Council treads cautiously on labor reforms

City looks to negotiate with unions about adding transparency to labor negotiations

Palo Alto City Hall. Palo Alto Weekly file photo.

Seeking to add transparency to the normally secretive process of labor negotiations, the Palo Alto City Council is moving ahead with a plan to publicize every offer and counteroffer exchanged between management and labor groups during contract talks.

But before the plan becomes a reality, city officials are preparing to meet with every labor union to gauge their interest and solicit their concerns about the proposed reforms. The cautious approach, which would be followed by formal meet-and-confer sessions with each union, was adopted on Tuesday by the council's Finance Committee, whose members strongly support the proposed changes.

Three members of the committee --- Vice Mayor Eric Filseth and council members Greg Scharff and Greg Tanaka --- had signed a February memo that advocated for the reforms. Councilman Tom DuBois also co-signed the memo, which the full council unanimously endorsed in February. In the memo, the council members criticized the existing process, in which the city's contracts with its labor unions don't become public until they have already been negotiated and are heading to the council for approval.

By that time, the memo notes, "Public review and comment are essentially irrelevant to the outcome of the process."

"These outcomes, such as those affecting the city's unfunded liabilities (pension and retiree medical), are public concerns which will be borne by the community for decades and merit meaningful public review," the memo states.

Under the memo's proposal, which loosely follows the city of San Jose's existing policy, every formal offer and counter offer would be posted on the city's website. Each would be accompanied by a fiscal summary prepared by staff, showing the costs and liabilities associated with each bargaining unit.

Yet in pushing for the reforms, council members are also taking care not to shake things up too much. Filseth, the lead author of the memo, emphasized Tuesday that the intent is "not to fundamentally change the bargaining process."

"The intent here is to inject an increase in visibility at certain checkpoints during the process," Filseth said. "In the current circumstance, the first time the public has any idea of what's going on is when it goes to the council for an up or down vote."

The council is also taking care not to let too much sunshine in too fast. Scharff, the committee's chair, proposed on Tuesday that, before the reforms are adopted, management would first hold talks with each group, returning to the committee to share the employees' concerns, and only then go into meet-and-confer negotiations to discuss the potential reforms.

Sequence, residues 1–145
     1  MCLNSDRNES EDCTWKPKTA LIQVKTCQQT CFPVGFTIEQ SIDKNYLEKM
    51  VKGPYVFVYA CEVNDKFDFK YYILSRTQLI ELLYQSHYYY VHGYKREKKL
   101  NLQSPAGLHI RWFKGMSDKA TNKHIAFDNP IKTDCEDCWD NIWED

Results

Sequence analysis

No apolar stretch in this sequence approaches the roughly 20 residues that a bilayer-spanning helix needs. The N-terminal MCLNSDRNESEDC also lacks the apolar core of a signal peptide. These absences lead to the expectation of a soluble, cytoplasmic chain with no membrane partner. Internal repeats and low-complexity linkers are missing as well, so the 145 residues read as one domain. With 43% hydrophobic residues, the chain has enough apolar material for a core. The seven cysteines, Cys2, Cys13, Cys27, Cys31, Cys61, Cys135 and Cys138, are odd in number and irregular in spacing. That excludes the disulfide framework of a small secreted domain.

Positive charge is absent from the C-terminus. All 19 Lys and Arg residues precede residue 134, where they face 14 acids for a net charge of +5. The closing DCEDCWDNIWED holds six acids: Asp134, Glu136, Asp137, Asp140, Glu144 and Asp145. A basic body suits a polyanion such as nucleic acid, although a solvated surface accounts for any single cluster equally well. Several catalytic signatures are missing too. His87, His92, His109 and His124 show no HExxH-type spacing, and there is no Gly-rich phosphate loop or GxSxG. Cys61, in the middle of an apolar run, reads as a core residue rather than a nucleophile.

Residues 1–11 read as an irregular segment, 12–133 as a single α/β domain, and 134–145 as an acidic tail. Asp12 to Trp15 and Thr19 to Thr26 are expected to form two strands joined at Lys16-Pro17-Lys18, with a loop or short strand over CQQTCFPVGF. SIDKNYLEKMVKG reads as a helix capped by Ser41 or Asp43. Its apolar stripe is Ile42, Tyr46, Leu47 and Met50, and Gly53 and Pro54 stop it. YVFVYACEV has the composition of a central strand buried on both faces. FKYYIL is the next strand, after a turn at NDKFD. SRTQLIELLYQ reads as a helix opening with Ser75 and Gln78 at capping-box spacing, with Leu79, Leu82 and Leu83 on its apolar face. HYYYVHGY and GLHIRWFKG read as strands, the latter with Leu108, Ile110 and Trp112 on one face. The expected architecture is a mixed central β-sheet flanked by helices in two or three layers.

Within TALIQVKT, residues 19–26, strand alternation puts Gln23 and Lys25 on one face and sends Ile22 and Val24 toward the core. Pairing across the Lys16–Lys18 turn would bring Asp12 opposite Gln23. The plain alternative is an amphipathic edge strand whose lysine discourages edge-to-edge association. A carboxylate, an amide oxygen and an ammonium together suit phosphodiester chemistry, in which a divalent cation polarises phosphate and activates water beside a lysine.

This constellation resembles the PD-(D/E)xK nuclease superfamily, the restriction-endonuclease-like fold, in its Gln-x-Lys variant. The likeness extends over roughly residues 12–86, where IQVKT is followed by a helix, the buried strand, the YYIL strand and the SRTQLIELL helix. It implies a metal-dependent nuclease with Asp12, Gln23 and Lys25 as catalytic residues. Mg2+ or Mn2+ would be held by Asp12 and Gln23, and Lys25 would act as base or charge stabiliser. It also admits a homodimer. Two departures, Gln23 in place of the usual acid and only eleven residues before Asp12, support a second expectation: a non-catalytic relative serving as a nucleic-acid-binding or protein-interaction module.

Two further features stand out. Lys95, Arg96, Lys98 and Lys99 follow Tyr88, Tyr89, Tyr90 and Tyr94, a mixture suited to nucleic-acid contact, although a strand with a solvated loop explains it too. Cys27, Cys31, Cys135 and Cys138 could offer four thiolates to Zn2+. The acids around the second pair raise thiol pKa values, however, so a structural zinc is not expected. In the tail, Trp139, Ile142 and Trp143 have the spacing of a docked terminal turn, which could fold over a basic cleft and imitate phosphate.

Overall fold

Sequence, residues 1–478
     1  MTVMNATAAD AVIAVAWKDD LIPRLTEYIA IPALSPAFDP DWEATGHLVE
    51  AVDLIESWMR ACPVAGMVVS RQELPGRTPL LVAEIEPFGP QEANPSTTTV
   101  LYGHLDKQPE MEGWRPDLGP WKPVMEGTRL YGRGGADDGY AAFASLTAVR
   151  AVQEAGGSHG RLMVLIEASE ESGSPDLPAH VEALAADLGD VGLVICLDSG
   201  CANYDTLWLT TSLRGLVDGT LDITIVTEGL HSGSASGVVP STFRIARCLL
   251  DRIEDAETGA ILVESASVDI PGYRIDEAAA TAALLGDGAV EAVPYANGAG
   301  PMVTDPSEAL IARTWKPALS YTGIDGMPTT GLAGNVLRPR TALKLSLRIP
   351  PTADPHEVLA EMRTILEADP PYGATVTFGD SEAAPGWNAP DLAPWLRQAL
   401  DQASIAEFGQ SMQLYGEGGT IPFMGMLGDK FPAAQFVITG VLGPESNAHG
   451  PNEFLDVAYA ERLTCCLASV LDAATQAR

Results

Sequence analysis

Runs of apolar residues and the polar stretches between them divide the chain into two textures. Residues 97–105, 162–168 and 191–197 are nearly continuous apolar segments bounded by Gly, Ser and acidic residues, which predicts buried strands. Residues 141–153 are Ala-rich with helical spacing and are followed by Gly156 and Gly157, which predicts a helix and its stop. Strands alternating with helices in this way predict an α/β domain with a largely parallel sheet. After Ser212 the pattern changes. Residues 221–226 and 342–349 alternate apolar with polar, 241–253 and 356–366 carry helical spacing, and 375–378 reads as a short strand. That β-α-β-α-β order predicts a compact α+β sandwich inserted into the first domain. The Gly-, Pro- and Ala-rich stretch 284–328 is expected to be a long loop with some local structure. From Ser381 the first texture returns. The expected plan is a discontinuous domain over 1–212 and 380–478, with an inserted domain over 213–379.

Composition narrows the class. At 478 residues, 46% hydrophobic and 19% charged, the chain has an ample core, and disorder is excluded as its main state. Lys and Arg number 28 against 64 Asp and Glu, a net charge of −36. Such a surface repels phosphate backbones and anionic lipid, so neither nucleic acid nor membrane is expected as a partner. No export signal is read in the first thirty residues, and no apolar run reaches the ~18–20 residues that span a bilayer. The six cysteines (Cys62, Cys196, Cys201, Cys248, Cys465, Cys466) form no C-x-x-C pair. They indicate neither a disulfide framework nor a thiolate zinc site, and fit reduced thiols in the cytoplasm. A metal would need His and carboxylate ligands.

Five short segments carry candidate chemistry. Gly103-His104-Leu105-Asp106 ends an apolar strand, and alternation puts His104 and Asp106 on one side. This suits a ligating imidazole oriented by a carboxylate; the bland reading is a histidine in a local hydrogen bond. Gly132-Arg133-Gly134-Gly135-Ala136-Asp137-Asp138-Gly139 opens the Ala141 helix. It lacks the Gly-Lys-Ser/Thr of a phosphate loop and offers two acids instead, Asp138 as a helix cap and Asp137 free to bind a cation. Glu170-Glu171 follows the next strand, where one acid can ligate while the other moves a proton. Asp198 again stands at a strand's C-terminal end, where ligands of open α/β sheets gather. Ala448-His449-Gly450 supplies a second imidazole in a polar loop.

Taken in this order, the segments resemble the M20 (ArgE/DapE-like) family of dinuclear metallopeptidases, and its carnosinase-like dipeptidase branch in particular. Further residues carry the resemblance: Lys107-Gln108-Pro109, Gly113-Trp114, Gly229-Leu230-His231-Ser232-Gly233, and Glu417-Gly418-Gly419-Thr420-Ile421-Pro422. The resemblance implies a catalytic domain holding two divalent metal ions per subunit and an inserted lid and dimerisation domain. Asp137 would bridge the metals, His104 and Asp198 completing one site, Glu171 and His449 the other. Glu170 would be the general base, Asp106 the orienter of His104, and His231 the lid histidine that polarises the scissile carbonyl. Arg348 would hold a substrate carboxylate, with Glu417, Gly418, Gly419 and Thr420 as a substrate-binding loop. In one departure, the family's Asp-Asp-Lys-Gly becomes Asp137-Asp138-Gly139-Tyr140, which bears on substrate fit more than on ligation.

Scharff made the case on Tuesday for getting early feedback from the unions.

"I want to get some early indications," Scharff said. "If there are big concerns, we'll know about it before we develop a plan for meet and confer about it."

The committee voted 3-0, with Councilwoman Lydia Kou joining Scharff and Filseth, to approve Scharff's plan (Tanaka was absent).


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7 people like this
Posted by miguel
a resident of Woodland Ave. area (East Palo Alto)
on Sep 5, 2018 at 6:32 pm

unions are the only agencies by federal law that protects working class individuals. propoganda is at its all time high. palo alto will not go broke because of unions. letting the general public weigh in on contract negotiations will deter the minds of people who make above average salaries who work in areas where they can be philantrohic and not need unions. Unions protect working class thats the only voice teachers, firefighters, city officials have.

1 person likes this
Posted by Yes to sunshine!
a resident of Downtown North
on Sep 6, 2018 at 5:42 pm

This is a great proposal. The unfunded pension liabilities alone are sucking up a huge percentage of the budget, outcompeting resident serving needs like park space and improved infrastructure. This one liability has now increased to over 750 MILLION dollars and growing. If the city doesn't get negotiated contracts with our union members that start to address this issue our great-grandchildren will still be paying off the retirees of today.

It is easy to give away huge amounts of tax payer money when no one can see you doing it.

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